Suunto is making a move in a new direction, wanting to bring smartwatch features to a device to sit alongside the company’s comprehensive sports offering. Say hello to the Suunto 7.
We’ve seen a number of sports watches from Suunto over the years, but the move to a Google Wear OS device in the Suunto 7 marks a new chapter for the company as it looks to compete with increasingly sophisticated devices like those from Garmin and Polar.
So does the Suunto 7 succeed in its quest?
A comfortable design
- Dimensions: 50mm diameter, 15.3mm thickness / Weight: 70g
- Glass fibre reinforced polyamide body
- Easy-change silicone straps (24mm)
- 50ATM water-resistance
- Stainless steel bezel
The Suunto 7 is offered in five different colourways, from sensible black, through to more lifestyle colours like this sandstone and rose gold model, pairing a reinforced polyamide body with a stainless steel bezel.
The first thing that will strike you when wearing the Suunto 7 is the softness of the strap, which is quick-release by design so you’ll be able to switch colours or replace in the future.
The watch’s plastic back houses a pronounced bump with the heart rate sensors. The whole package offers ingress protection, too, so it’s good for wear in any conditions – and we’ve found it perfectly happy when swim training, out on sweaty days and in general wear. You could theoretically descend to 50m underwater while wearing this watch.
The display is topped with Gorilla Glass for protection and after testing over the course of a few months, we’ve found it has kept scratches at bay. The touchscreen functionality is paired with buttons around the body, with three on the right and one on the left, giving you various routes around the Wear OS platform that it runs.
It’s a large watch given the 50mm display, so it’s comparable to other sports watches of this ilk, like Garmin’s Forerunner devices or the Polar Vantage models. It is, however, very much a Suunto design and owners of previous devices will instantly recognise the bezel detail.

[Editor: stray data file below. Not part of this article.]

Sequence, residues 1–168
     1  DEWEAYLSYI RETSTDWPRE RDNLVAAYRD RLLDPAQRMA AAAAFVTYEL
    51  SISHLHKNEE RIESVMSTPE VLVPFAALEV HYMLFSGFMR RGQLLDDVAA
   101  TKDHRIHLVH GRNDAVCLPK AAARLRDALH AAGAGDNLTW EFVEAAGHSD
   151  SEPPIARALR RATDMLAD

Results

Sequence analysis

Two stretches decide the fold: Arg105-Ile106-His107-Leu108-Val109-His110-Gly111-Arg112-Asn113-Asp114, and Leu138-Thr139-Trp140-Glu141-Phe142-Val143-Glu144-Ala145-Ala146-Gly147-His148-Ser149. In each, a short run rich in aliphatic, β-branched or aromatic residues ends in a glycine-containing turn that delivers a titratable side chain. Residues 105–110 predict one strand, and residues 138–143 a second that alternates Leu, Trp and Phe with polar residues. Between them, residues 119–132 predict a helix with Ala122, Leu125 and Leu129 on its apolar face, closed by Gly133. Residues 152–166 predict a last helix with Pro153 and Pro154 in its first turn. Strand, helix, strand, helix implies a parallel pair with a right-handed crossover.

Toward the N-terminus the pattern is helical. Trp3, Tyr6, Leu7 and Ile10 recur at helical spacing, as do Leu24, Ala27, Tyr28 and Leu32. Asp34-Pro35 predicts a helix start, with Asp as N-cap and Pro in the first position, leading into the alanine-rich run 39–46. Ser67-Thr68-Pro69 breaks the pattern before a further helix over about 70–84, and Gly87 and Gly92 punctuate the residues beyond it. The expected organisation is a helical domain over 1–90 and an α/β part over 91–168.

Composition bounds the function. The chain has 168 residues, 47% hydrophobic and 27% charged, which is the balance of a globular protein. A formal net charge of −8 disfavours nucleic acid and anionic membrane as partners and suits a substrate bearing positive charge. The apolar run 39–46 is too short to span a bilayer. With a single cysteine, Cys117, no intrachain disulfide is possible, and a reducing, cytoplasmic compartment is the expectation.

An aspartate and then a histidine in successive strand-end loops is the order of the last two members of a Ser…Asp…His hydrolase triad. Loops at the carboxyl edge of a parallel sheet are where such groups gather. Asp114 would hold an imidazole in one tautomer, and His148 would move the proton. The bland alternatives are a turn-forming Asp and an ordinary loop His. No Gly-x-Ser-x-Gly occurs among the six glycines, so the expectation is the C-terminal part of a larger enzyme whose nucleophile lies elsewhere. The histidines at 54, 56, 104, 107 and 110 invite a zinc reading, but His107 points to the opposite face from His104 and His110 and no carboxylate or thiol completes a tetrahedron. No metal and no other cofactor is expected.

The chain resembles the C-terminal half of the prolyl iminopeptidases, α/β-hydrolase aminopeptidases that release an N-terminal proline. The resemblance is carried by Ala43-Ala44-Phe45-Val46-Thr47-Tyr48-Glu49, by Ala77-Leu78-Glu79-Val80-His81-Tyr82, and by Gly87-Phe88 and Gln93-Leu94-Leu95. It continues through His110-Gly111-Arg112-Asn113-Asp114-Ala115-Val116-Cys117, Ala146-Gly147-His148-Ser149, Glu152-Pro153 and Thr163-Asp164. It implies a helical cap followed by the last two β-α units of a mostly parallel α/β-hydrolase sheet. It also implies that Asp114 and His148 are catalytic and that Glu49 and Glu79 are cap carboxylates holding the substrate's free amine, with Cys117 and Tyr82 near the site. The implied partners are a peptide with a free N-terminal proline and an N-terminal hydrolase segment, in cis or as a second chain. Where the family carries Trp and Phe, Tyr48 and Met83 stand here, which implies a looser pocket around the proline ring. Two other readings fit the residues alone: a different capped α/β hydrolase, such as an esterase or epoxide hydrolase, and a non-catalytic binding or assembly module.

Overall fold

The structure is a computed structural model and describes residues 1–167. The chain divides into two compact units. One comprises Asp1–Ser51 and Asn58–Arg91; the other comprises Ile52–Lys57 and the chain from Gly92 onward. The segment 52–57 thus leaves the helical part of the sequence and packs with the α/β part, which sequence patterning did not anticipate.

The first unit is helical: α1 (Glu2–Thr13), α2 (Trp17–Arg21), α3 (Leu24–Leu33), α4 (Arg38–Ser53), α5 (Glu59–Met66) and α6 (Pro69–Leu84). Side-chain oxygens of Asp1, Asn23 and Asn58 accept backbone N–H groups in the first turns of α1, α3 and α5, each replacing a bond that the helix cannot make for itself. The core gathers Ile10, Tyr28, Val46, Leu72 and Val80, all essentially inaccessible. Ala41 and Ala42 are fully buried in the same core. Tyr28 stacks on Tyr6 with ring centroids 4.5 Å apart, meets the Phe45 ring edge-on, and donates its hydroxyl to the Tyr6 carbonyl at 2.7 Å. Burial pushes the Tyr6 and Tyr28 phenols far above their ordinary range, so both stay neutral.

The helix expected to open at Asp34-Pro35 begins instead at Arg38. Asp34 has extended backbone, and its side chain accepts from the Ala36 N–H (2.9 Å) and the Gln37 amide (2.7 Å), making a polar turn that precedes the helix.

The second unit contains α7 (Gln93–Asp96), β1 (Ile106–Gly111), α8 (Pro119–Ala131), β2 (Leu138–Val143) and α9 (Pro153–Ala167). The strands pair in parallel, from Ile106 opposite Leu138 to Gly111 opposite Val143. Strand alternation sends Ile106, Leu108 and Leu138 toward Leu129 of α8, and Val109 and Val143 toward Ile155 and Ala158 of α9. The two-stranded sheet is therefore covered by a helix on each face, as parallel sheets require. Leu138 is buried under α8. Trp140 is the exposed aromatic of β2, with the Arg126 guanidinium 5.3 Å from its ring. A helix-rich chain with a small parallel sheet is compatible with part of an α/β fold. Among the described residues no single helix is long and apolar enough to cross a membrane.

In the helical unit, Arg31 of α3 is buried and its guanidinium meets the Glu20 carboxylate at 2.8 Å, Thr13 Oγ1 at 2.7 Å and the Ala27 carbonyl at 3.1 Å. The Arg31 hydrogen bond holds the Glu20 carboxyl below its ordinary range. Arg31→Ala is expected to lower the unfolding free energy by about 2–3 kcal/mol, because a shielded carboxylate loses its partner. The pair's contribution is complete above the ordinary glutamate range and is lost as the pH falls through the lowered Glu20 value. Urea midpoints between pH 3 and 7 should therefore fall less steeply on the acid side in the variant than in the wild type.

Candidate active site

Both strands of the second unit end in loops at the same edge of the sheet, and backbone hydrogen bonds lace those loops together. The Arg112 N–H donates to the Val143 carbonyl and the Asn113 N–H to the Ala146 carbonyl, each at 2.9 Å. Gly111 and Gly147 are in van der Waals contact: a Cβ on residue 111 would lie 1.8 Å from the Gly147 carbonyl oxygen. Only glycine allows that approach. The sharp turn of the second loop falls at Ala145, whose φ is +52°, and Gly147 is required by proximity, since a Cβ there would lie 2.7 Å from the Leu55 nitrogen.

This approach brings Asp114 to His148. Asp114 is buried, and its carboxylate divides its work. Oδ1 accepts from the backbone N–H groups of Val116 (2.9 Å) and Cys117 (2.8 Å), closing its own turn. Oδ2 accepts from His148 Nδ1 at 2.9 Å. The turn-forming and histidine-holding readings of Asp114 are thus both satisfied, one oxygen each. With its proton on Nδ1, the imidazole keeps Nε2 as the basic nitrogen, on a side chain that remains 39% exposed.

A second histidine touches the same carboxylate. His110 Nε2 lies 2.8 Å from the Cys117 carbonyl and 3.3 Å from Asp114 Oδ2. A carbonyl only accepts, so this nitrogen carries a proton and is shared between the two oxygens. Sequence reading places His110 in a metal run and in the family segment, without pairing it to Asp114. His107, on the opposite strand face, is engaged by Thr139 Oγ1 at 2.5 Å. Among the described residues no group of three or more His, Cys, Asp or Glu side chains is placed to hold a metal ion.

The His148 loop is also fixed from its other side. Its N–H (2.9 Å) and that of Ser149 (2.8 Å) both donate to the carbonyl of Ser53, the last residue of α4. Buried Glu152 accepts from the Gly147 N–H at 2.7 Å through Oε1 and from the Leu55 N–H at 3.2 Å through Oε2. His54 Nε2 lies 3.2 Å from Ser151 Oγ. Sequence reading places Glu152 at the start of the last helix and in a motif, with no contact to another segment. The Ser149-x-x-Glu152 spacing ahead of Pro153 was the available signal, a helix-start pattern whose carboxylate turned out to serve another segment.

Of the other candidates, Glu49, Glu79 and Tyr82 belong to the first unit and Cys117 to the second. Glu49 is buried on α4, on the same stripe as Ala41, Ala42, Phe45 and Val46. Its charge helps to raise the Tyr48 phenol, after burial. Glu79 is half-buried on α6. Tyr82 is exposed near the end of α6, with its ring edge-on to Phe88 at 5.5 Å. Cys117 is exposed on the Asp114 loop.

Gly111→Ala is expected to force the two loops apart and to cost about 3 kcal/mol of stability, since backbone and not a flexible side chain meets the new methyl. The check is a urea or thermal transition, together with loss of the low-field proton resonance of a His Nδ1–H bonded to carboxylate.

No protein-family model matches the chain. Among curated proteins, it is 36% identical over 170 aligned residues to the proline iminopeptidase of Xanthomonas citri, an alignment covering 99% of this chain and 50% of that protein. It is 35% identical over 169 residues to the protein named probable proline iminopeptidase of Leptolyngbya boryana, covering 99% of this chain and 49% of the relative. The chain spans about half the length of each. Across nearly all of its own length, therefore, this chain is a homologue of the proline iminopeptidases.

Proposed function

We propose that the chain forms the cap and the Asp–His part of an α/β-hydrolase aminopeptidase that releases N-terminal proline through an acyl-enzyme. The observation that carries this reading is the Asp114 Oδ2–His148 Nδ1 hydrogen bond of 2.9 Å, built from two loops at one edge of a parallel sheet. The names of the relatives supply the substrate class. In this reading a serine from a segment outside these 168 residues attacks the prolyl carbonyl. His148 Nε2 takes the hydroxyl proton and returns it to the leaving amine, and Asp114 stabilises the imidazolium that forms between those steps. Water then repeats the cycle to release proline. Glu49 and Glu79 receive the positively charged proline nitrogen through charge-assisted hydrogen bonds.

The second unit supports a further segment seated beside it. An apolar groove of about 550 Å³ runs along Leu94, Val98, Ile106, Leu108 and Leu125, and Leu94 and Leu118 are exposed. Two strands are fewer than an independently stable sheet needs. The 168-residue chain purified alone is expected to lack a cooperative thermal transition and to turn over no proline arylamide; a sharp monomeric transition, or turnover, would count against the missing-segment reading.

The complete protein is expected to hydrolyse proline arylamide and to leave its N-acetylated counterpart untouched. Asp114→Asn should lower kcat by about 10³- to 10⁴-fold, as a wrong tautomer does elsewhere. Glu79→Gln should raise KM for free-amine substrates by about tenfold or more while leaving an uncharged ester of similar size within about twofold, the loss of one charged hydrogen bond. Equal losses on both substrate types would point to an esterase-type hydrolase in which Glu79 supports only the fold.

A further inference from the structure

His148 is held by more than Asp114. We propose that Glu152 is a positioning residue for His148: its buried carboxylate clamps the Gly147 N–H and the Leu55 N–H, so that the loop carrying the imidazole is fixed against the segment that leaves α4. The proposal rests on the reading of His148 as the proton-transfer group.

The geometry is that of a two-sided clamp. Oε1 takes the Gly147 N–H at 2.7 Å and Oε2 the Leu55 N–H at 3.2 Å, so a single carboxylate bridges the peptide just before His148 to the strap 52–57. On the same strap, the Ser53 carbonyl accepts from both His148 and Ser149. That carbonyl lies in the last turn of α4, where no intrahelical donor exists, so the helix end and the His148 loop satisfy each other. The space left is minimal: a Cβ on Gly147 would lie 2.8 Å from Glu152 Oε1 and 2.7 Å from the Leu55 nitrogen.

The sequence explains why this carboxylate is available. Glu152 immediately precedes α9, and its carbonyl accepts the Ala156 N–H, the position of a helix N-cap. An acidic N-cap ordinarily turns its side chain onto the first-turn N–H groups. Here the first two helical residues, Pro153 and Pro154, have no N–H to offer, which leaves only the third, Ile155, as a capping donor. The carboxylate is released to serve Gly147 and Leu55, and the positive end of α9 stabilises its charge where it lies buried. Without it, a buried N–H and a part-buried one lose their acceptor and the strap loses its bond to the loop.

Core hardware specs and performance
- 1.39-inch AMOLED display, 484 x 484 pixels
- 1000 nit maximum brightness
- Qualcomm Snapdragon 3100
- NFC for Google Pay
The visible area of the Suunto 7’s display is actually 1.39-inches. It’s a sharp and detailed display and using an AMOLED panel means it’s punchy and plenty bright enough, competing with similar Wear OS devices.
Compared to some sports-specific devices this display is a little more visually engaging, although the downside is a greater battery demand – and by default it’s not an “always on” display during activities, which is something you need to manually turn on if you want it, accepting that it increases the demand on the battery.
One of the key elements to the Suunto 7 is how the company has made use of Qualcomm Snapdragon 3100 hardware. Suunto has made sure that the sports tracking features run on the co-processor, rather than the main application processor. This is significant because the co-processor uses a lot less power, so it can handle the ongoing side of the activity tracking with the watch, effectively, in a lower power state.
That means that you’ll get 12 hours of GPS tracking, according to Suunto’s figures, while the cited life in normal use is two days. That’s pretty short for a sports watch, but it’s pretty good for a smart watch – and there’s some flexibility in the real-world use.
If you don’t use a huge number of notifications and features – other than basic watch functions – then you might find that it lasts a little longer. There’s a battery saver mode that will swing in to prolong things further, too, although that only gives you access to the time and that’s about it.
The battery life that will depend on usage. If you’re using intensive features like mapping or music via Bluetooth, with lots of screen-on time, then you’re going to burn through that much faster. Equally, there will be some variation in usage when exercising, but we managed to exersise for a few hours over a couple of days, tracking GPS and heart rate, which is pretty good going.
Where the Suunto doesn’t really compete is against some of those dedicated sports devices that will offer you five days or more – like the Garmin Forerunner 945 – but as far as Wear OS watches go, the Suunto 7 is a strong performer.